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How to Declare Gambling Income in the US

In other countries, taxes apply only to the operator providing the gambling service. However, you may be surprised to learn that your winnings from any form of gambling activity are actually subject to taxes. This is because the states deem earnings from betting a profitable income, and therefore, a taxable income. Taxes on gambling profits are paid to the Internal Revenue Service (IRS), a bureau of the Department of the Treasury.

It is a gambler’s responsibility to declare their gambling income, whether it derives from as little as a lottery ticket or a scratch card to slot machines, casino gambling, and even online gambling. In the US, it does not matter whether you are a professional player or just gamble for fun – you still have to pay those taxes. Even non-cash prizes such as cars or trips are considered taxable income to be taxed based on their fair market value.

While this may seem like a bit of a downer, it is not all bad. When declaring gambling income in the US, you can also deduct your losses from your wins and reduce your overall tax. That is why it is important to know how to declare your gambling income and use your losses to your advantage.

The Internal Revenue Code

The Internal Revenue CodeGambling winnings are taxed under the US Internal Revenue Code (IRC), which is organized topically into subtitles and sections that cover income, payroll, estate, and excise taxes in subtitles A, B, C, and D of the IRC. The IRC can be found under title 26 from the official version of the United States Code and is governed and enforced by the IRS that was founded back in 1862. Included in their tasks of implementing the IRC, the IRS is charged with collecting taxes as well as issuing fines and punishments for violations of the code.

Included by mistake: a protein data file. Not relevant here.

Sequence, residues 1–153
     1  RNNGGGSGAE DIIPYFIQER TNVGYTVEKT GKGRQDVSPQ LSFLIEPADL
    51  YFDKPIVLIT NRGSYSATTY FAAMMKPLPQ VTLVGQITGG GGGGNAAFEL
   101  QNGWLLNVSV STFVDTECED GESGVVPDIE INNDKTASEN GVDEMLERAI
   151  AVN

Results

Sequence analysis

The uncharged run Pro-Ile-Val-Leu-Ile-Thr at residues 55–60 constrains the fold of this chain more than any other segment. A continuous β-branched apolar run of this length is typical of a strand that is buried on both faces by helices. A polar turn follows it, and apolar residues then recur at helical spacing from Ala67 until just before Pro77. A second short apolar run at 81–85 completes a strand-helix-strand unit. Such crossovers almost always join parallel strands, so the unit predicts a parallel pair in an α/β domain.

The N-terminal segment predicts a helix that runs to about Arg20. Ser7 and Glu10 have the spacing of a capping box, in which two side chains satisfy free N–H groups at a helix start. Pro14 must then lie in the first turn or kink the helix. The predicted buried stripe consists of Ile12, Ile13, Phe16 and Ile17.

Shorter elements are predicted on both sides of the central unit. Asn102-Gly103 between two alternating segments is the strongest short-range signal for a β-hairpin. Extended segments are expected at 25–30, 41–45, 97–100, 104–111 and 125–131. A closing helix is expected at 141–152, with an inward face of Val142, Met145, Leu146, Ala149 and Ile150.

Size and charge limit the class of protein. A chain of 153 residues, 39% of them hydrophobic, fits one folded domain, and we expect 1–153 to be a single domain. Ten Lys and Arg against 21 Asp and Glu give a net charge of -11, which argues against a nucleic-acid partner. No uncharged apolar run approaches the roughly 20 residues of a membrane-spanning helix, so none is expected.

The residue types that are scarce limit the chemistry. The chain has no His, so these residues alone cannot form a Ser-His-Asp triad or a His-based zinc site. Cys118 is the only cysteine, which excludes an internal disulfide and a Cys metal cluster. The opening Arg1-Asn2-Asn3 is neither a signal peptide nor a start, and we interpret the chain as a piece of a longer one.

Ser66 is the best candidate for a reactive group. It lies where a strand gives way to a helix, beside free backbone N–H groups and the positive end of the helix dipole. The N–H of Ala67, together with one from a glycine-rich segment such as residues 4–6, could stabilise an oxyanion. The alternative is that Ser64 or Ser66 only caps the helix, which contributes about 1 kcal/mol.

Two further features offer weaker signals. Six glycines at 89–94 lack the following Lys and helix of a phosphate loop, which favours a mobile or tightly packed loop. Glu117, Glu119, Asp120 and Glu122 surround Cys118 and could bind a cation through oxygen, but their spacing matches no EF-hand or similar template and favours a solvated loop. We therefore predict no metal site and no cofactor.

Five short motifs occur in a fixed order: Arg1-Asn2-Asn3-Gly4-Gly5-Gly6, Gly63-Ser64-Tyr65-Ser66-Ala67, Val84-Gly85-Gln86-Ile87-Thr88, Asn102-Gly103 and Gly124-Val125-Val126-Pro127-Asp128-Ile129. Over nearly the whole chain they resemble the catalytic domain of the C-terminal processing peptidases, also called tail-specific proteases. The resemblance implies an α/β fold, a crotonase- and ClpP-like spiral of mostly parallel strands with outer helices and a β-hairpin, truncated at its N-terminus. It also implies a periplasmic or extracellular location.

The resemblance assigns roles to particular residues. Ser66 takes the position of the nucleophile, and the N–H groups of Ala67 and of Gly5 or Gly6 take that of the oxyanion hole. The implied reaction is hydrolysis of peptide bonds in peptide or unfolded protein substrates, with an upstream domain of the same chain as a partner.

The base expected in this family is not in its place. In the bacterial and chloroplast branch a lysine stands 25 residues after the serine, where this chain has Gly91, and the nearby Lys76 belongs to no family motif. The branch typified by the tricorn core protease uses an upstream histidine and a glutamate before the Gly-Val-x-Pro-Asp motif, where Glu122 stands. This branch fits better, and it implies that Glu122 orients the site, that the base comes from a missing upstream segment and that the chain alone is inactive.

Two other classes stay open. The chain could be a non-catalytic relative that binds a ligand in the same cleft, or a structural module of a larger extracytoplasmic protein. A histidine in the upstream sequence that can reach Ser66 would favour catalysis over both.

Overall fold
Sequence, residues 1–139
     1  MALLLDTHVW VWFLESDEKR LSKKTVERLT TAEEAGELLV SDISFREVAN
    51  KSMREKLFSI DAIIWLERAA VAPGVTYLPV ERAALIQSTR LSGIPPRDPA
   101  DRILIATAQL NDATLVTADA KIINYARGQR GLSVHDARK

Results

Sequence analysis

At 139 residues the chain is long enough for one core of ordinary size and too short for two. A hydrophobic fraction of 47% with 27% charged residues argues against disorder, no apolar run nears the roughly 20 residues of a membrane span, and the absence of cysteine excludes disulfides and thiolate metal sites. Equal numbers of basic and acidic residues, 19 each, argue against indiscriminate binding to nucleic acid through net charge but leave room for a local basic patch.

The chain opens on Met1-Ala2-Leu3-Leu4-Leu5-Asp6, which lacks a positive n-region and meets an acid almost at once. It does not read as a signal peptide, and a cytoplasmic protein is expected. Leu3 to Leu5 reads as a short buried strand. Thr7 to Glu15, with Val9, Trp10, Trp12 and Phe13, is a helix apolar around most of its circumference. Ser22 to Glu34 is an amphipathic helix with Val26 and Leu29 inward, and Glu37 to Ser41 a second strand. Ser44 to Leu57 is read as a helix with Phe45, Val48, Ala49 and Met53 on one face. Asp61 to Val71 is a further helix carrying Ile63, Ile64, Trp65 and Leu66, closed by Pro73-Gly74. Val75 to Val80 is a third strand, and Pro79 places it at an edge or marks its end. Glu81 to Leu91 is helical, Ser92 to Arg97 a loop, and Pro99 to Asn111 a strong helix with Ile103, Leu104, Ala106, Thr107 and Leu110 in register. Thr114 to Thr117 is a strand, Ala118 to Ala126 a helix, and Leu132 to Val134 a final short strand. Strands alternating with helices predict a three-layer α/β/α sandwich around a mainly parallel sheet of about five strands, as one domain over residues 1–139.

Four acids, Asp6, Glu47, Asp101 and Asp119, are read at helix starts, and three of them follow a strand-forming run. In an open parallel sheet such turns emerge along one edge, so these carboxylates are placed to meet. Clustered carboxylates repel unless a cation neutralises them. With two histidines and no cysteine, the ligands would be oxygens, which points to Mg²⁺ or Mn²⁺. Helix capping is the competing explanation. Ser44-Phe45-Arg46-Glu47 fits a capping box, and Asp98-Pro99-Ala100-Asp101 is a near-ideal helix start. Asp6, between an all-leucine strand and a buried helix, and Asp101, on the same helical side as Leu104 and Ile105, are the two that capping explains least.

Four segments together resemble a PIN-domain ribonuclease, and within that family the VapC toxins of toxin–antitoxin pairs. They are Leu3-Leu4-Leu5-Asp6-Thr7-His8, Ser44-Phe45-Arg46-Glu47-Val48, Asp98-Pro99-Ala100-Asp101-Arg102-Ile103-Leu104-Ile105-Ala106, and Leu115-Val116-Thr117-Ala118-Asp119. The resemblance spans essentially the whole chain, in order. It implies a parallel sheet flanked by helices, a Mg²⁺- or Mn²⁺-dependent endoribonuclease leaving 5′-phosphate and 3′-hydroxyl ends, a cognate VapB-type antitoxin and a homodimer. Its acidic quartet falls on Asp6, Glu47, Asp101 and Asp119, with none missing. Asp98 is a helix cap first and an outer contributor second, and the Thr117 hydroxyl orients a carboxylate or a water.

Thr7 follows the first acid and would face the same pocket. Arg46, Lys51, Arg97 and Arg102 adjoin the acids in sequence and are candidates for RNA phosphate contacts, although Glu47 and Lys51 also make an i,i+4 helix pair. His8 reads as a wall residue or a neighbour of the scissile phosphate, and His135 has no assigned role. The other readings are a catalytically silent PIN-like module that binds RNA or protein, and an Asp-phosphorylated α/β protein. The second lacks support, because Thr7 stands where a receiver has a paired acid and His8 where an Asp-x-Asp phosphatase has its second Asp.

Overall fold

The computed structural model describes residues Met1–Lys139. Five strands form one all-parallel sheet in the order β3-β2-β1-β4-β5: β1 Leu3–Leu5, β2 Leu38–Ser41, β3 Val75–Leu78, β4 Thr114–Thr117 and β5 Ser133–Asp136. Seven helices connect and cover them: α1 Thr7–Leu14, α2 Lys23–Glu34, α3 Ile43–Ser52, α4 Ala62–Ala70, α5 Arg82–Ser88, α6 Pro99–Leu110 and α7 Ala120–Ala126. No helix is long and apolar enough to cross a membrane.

The current version of the code is the Internal Revenue Code of 1986, more commonly referred to as just the US Internal Revenue Code. Throughout the history of the IRC, there have been 3 major amendments: the 1939 code, the 1954 code, and the final enactment, the 1986 code. Prior to the 1939 code, federal tax laws were individual Revenue Acts.

There have been some bills recently that have launched campaigns to abolish the IRC. The Tax Cuts and Jobs Act (TCJA) from 2017 managed to enact serious changes to previous laws, but the two more recent bills – the House of Representative Bill H.R. 29 that was filed to abolish the code by 2021 and Bill S.18, the Fair Tax Act of 2017 which also aimed to disband the IRS by 2021.

However, neither made much progress in their mission to abolish the IRS and the IRC. The passage of the TCJA made significant changes in the current tax system but reaffirmed the basic structure, making the future of the Fair Tax Act from uncertain to quite unlikely.

The Process of Reporting Gambling Winnings for Recreational Players

Reporting Gambling WinningsNow that we have established the importance of declaring gambling income in the US, it is time to look at the process of doing so for casual gamblers. A piece of advice from us, if you gamble occasionally for recreational purposes, you should keep a detailed account of all your gambling activities. This should include winnings, losses, and receipts, pay slips, tickets, statements, or other records to account for them. This will help you better organize and correctly conduct the process.

By law, you must report all of their income from gambling on your federal income tax returns. Gambling winnings include, but are not limited to, money or prizes earned from keno, bingo, raffles, lotteries, betting pools, sweepstakes, game shows, horse or dog racing, off-track betting, poker tournaments, casinos, and slot machines.

Issuance of Form W-2G

Form W-2GThe payer (the gambling operator that has paid out winnings) is obliged to provide a Form W-2G to those whose winnings exceed a certain amount. Your Form W-2G will include the amount won and the tax withheld. If your winnings are reported by this method, the fixed tax rate is 24%. Winnings are calculated and taxed on a per-session basis. Even if you do not receive a Form W-2G, you will still have to report your tax winnings on your tax return.